Field Project Audit- Save-A-Pet Carwash

Description of the Project

Our team’s goal was to organize a car wash, with the help of some gracious volunteers, in attempt to raise awareness and funds for a Save-A-Pet (SAP) while applying the concepts and principles we learned in our project management class. SAP is a local, nonprofit organization and one of the largest no-kill cat and dog rescues in Lake County that operates a full-time adoption center which provides a safe haven for abused, neglected, injured, and lost  animals.

Although SAP was unable to host the event on-site, they were able to put us in contact with Culver’s who had partnered with them multiple times before. A few email exchanges later, we were able to establish a date, time, and location (July 26th 9AM to 4PM at Culver’s of Grayslake) for our event. The accommodations could not have worked better as Culver’s dedicated a large portion of their sectioned off parking lot for our event and they offered use of their water connection. Fortunately for our team, one of our team members worked for a company that produced almost all the supplies (buckets, sponges, drying rags, and squeegees) we needed for a car wash and agreed to donate all of them for the event. The only supply we needed to obtain was car wash soap which was donated by one of our team members as well.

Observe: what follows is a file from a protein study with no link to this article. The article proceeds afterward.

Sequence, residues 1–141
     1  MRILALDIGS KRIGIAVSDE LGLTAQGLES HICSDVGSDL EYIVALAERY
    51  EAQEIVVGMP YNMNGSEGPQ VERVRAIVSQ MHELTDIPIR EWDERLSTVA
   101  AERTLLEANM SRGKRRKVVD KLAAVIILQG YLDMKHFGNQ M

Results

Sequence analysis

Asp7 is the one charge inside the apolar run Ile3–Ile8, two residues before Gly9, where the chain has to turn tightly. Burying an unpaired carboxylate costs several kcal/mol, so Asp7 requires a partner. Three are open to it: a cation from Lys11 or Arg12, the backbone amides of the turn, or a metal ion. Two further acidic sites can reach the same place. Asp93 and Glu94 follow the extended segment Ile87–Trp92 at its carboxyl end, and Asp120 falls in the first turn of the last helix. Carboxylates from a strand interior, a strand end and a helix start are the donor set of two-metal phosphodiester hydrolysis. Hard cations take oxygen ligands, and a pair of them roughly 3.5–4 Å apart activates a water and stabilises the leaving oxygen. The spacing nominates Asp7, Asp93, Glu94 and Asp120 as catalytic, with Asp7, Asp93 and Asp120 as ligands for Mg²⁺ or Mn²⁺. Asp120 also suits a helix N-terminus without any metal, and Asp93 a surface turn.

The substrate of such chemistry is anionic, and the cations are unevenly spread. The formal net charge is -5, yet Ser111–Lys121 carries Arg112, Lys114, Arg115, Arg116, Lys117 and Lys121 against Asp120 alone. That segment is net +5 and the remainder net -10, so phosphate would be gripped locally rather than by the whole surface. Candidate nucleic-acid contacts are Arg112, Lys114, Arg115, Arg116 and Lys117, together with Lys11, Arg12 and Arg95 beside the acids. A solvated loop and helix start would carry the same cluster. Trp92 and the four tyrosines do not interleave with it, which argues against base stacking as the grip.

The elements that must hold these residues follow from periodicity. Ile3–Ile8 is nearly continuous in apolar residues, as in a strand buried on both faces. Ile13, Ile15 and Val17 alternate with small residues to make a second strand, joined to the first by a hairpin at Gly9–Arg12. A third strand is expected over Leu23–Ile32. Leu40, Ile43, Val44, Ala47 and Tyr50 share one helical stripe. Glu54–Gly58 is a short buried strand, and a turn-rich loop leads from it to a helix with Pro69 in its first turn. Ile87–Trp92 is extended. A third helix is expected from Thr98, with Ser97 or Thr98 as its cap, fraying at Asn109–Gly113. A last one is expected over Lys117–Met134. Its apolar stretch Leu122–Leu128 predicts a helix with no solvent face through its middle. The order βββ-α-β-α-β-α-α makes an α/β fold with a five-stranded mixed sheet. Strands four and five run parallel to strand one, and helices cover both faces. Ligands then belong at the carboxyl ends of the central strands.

In addition to providing a car wash, we had representatives from SAP on-site with information about their cause as well as pets available for adoption and a shaded area with refreshments for potential donors to sit while they had their car washed. This worked tremendously well as demand fluctuated throughout the day.  When demand peaked, the representatives provided a welcome distraction for our donors.


Lastly, we had an online fundraiser available for those who wanted to help out SAP but were unable to make it to the actual event.  We also had a couple donation jars by the cash registers inside Culvers encouraging people to donate or just give their loose change.


Factual Analysis

Our project progressed from a simple RFP to an execution plan as well as risk management plan. The implementation plan provided an OBS, WBS, and milestone schedule to give us a firm grasp of all the steps, time commitments, and verifications that we needed for our project to be a success. This laid the path for completion, and we just had to execute.


Although the execution did not go exactly as planned in terms of personnel due to vacations/ work and family commitments, we all were able to fill throughout the life of the project and pick up where others left off when needed. Luckily, we did not have deviate much from our plan. The most significant deviation was securing a location which took longer than expected. In the meantime, we were able to work on a website and marketing material while the location was being finalized. This allowed us to quickly update for location and distribute once the location was known. The risk management plan was an integral exercise because it made us think about any potential pitfalls that could derail the success of our project. We were again lucky in the sense that we did not have to act on any of our risks.


Our project was a success as we generated $970 of donations during the carwash as well as $370 online.  One of our team members was also able to do a company match for $300 giving us a total of $1,640 donated to SAP.


Advice for Future Teams

The following is some advice for teams doing a similar event: